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ACT Smacks Children's Commissioner

ACT Smacks Children's Commissioner

ACT New Zealand Justice Spokesman Stephen Franks today said that new Commissioner for Children Cindy Kiro's leap into the anti-smacking debate was showing Labour's ideology.

"I waited to give Ms Kiro the benefit of the doubt - despite her being appointed without cross-party consultation. Today, however, she has confirmed my suspicions: she will champion the PC ideology of the faction in the Labour Cabinet that gave her the job," Mr Franks said.

"Having, what is alleged to be, the third highest rate of child abuse in the Western world says nothing about smacking. UNICEF says banning smacking could help, but its argument is as strong as banning chocolate because some who eat chocolate get fat and sick.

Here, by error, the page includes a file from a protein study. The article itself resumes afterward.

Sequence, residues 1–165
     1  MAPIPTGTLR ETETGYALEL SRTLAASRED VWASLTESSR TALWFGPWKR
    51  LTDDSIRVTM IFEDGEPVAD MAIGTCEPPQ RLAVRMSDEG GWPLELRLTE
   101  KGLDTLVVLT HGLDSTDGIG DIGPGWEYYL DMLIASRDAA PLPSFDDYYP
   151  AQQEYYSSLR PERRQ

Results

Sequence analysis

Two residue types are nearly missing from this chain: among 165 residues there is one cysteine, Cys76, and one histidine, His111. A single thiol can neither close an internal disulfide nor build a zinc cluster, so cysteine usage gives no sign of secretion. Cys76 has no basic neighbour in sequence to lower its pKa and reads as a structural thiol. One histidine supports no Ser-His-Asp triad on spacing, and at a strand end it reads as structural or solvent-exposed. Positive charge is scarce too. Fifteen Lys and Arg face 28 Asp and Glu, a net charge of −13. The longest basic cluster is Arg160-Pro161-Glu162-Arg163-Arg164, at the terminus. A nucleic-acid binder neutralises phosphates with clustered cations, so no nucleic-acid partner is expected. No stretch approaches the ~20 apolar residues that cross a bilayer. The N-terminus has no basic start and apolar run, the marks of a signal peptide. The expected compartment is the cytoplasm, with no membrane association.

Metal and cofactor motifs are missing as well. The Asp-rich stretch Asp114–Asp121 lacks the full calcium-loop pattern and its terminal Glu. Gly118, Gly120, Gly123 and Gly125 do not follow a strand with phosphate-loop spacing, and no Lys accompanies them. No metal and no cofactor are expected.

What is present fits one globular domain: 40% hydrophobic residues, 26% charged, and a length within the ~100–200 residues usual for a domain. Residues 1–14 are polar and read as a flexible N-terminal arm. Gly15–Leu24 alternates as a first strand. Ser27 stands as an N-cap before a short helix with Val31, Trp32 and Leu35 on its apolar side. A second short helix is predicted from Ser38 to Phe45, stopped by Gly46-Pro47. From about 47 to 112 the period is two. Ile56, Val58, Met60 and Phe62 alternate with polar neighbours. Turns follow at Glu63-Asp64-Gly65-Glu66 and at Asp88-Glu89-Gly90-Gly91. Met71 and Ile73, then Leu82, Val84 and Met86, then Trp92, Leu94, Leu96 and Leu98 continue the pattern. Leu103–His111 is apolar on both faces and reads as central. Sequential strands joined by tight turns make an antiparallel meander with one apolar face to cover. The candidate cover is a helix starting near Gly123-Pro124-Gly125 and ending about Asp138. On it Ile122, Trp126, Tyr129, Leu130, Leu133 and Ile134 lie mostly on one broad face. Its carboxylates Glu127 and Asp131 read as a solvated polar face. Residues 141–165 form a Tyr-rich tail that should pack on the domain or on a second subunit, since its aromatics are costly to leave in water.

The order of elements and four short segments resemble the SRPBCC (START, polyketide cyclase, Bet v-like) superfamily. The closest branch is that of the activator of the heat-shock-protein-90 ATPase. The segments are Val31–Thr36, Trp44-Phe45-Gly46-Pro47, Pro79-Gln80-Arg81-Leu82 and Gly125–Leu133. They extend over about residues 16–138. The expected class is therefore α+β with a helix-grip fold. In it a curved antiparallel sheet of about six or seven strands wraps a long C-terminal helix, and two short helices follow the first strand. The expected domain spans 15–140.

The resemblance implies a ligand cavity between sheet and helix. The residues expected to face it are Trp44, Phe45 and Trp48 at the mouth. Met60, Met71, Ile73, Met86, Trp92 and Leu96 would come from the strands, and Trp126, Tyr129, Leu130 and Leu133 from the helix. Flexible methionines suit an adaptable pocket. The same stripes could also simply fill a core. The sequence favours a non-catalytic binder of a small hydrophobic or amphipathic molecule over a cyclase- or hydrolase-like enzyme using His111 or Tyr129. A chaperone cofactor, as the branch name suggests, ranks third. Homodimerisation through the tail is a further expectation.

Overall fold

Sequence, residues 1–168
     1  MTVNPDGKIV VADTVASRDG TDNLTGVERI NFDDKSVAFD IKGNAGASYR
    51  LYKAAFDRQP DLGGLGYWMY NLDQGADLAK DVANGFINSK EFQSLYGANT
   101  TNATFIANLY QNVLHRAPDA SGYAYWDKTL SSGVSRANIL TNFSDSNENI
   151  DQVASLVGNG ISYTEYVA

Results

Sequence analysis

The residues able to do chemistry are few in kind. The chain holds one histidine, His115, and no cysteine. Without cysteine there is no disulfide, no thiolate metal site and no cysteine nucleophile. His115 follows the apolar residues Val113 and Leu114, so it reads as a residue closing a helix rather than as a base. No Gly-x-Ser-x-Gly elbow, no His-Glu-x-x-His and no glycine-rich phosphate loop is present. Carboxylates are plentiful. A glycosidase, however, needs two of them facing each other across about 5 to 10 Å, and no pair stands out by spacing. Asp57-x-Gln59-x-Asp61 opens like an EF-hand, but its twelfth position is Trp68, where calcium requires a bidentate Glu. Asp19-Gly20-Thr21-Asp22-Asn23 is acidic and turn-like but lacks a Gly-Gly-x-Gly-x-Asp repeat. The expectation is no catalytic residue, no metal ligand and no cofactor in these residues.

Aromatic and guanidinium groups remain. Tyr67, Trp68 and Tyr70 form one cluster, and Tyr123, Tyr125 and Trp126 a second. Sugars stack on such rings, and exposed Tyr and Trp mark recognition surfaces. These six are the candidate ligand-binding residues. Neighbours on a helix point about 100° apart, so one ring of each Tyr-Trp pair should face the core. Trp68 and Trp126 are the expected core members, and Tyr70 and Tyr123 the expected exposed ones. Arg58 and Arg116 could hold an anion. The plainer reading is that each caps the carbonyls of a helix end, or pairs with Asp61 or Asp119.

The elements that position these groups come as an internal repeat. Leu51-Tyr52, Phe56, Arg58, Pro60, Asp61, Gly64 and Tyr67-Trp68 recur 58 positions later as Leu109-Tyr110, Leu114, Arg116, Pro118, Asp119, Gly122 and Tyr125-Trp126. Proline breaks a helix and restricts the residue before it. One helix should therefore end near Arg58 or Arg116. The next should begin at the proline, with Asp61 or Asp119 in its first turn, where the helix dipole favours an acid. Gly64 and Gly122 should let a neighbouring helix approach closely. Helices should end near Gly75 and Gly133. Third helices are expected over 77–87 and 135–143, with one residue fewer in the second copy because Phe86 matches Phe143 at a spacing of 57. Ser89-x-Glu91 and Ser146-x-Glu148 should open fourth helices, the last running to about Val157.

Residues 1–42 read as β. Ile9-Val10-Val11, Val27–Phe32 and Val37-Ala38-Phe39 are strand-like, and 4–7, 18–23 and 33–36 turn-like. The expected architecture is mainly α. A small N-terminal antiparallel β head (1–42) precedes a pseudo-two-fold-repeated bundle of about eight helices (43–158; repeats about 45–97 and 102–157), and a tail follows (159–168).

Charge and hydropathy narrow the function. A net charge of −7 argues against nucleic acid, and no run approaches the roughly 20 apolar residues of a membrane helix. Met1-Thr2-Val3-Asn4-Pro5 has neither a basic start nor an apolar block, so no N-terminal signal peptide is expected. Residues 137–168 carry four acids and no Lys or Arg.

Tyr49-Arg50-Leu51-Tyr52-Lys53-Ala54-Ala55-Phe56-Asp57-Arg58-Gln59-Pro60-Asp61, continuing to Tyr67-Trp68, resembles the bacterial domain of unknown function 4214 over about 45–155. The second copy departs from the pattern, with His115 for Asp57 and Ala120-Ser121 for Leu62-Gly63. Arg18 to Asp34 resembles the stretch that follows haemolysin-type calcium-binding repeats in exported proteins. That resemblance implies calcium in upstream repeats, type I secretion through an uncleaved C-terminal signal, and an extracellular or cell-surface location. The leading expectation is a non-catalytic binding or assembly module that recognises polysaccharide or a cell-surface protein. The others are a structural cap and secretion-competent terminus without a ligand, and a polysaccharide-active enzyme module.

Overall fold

"UNICEF also identified poverty and substance abuse as contributing factors. Maybe. What about welfare without responsibility - paying proven useless mothers to breed with violently criminal fathers? Why hasn't Ms Kiro called for welfare reform, or toughening of drug laws?

"Labour does not want to respect the difference between smacking children, beating them, or the more refined forms of bullying that can leave them just as emotionally scarred. By banning the use of reasonable force to discipline children, Labour would take away the rights of the many to stop the few - and leave most of the children at real risk just as helpless.

"We can now dismiss Cindy Kiro as an effective advocate for children - she is an advocate for the true Labour Party line. They have let Messrs Goff and Tamihere oppose that line to hide their majority determination to ban smacking.

"If Ms Kiro were truly dedicated to her role, she would respect the rights and freedoms of the huge majority of loving parents who want to exercise long-proven and highly successful traditional child-rearing methods," Mr Franks said.

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